people you are working for. “When you

understand your market, you can actually

help upgrade their lives,” he says. “By

putting in that school everything that a

student would need for his education,

we transform the students’ lives and,

consequently, their families, as well. You

need to feel what your market feels in

order to serve them properly.”

In fact, PRO-FRIENDS is known in the

industry as the company with an acute

understanding of its market. In the next

two to three years, Gerry wants to focus

on that and build up his company’s

customer service arm. “We will serve our

customers to the next level,” he says.

Design specifics

and applications

In May 2011, Gerry celebrated his 52nd

birthday. On that day, he stepped down

from being CEO of PRO-FRIENDS and

became Chairman, instead. “I’m now

on my second life,” Gerry jokes. But, as

usual, he didn’t turn a year older without

planning for it. Approaching it, Gerry

made sure that he took care of things,

getting his family in good order, setting up

his company well enough so that it would

be ready for any eventuality.

SME 20

Bellefort Estates,

Sabine house model

His varied interests are more evident when

he talks about current events, such as the

RH bill, with a surprisingly passionate tone.

“The Philippines has a very large domestic

economy,” he says. “Our population is our

best economic tool. All you need to do is

educate everyone, and that doesn’t have

to cost much. Once all our children are

educated, think about how much they can

contribute to our economy. “Our country

is really in a very good place.”

One would assume that someone who

spends his life making plans would be a

highly-strung person who is so nervous

and tense that he barely smiles and

rarely jokes. Gerry is the opposite. He

smiles often, peppers his statements with

witticisms, and has an easy air about him.

Gerry’s office shelves are filled with books:

Be the Solution, Italian Painting, Battle

Hymn of the Tiger Mother, The Magic

of Thinking Big, Catholicism for Filipino

Catholics, among others, and several

more coffee table books about design and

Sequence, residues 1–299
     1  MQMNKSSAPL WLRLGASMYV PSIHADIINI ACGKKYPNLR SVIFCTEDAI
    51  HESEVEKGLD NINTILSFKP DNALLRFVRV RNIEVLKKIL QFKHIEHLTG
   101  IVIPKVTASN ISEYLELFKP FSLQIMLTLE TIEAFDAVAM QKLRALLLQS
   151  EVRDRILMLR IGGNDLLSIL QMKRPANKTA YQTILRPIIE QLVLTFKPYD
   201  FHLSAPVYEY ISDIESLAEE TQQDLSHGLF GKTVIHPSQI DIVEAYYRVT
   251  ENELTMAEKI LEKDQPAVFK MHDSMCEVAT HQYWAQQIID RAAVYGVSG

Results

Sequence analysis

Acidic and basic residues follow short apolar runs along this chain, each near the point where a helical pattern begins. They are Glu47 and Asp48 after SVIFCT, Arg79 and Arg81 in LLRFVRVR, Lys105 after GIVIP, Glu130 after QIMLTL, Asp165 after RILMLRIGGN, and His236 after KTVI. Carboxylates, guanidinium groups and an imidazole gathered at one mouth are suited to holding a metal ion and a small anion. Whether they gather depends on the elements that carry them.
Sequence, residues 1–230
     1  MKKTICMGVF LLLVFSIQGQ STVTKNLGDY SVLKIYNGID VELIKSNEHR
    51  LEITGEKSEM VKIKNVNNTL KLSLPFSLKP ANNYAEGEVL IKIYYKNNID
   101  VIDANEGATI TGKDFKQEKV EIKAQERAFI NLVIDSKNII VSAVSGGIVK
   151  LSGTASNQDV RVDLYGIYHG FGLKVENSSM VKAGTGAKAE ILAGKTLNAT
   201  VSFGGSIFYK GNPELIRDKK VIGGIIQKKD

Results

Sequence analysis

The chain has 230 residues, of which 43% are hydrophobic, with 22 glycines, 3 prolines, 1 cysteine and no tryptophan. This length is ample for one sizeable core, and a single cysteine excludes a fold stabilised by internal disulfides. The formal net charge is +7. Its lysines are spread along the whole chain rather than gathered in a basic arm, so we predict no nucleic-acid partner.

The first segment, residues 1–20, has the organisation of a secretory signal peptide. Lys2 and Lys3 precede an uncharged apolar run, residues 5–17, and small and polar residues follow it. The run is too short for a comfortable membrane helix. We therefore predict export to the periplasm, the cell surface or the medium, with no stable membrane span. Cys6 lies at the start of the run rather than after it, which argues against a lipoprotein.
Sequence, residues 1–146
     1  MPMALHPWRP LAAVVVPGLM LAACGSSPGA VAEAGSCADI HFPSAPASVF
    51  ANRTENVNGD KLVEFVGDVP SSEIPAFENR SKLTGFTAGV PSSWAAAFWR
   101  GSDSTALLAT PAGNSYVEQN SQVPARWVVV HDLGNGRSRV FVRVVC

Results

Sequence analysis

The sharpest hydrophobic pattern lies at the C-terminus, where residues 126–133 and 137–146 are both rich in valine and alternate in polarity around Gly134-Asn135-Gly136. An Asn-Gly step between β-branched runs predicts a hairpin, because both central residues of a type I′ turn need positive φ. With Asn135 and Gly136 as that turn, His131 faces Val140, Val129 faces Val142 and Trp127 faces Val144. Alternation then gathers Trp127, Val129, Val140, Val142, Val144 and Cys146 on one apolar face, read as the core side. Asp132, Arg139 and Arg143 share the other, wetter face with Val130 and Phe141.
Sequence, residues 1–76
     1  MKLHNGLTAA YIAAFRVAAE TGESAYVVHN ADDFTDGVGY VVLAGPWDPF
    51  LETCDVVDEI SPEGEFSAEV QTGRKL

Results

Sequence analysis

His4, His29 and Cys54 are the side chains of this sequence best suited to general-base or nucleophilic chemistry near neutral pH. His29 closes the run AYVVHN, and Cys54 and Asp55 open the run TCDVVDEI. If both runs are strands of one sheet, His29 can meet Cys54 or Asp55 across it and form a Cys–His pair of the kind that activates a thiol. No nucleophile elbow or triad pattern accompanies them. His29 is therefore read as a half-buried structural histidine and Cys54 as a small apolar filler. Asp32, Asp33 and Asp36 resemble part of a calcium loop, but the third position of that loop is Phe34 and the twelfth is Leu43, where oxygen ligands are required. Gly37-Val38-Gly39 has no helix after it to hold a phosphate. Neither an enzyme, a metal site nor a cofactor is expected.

Eternally optimistic and passionate about

his work, Gerry shoots off advice to

young people: “Love your work. There

is no grand design to follow. Just keep

improving and allowing yourself to

be pleasantly surprised by life’s turns.

Only then can we do our share in God’s

creation. And that is perfection.”

PRO-FRIENDS is one of the country’s

fastest growing real estate developers,

with 52 finished developments and 36

on-going projects. They are the developer

of Bellefort Estates, Lancaster Estates,

Carmona Estates and Parc Regency

Residences. For more information on PRO-

FRIENDS’ properties, please call (02)491-

7700 or visit www.profriends.com.

The Sage’s Words

Gerry Choa, Chairman of

PRO-FRIENDS, can write a self-help

book from his life.

Pre-empting this, here are some of

his wise words:

“There are lots of

money in our economy.

You should be very

proud of your country.”

“A bad business year is

still a good year as long

as you learn.”

“Once you help better

the lives of kids, you

better the lives of

their parents, families,

and finally, society in


“The trick in making

difficult decisions is that

you don’t dilly dally

in making them. If it

needs to be done, do it


SME 21

SME Profile

The Man


Grew the



by Therese M. Gutierrez

The sun looked down kindly as the

gentle breeze swayed its leaves, its roots

anchored deep in the sandy soil, and its

trunk carried the burden of sweet produce.

Up on the rocky mountain terrain of Sitio

Pao-pao in General Santos City, thousands

of hectares are peppered with the humble

plant—the banana. And there smiling,

almost as sheepishly as a little boy, is the

man whose vision made it possible,

Patricio Amadeo.

His voice, soft and gentle, but his laugh

hearty, he spoke of years gone by with

vividness, his mind sharp but his demeanor

gentle. At 73 years old, Manong Pat—a

name coined by people who work for

him—still oversees the operation of Phela

Resources Inc., his business engaged in

banana export to Japan through DOLE-

Stanfilco Incorporated. Rising up early, he

greets the morning sun as he makes his

rounds, going through their makeshift

sheds that house the packaging of

the bananas.

“First time ko ma-interview,” (This is my

first time to be interviewed) he says with

a chuckle. Not that there were no offers

before—big television networks have

approached him for an exclusive—but

he has gently turned them down. “What

for?” he says. With a slew of businesses

under his belt, Manong Pat remains

undoubtedly humble, always tracing his

roots back to his modest beginnings.

SME 22

Taking the Leap

Born and raised in Iloilo, Patricio Amadeo

worked as a jeepney driver. “Life was

hard,” he narrates, “Isang kahig, isang

tuka” (hand-to-mouth existence). The

hardships he experienced gave him

the resolute desire to achieve more in

life. Then at 30 years old, with his wife

having recently given birth to their first

born, Amadeo made a pivotal decision to

transfer to General Santos, then Dadiangas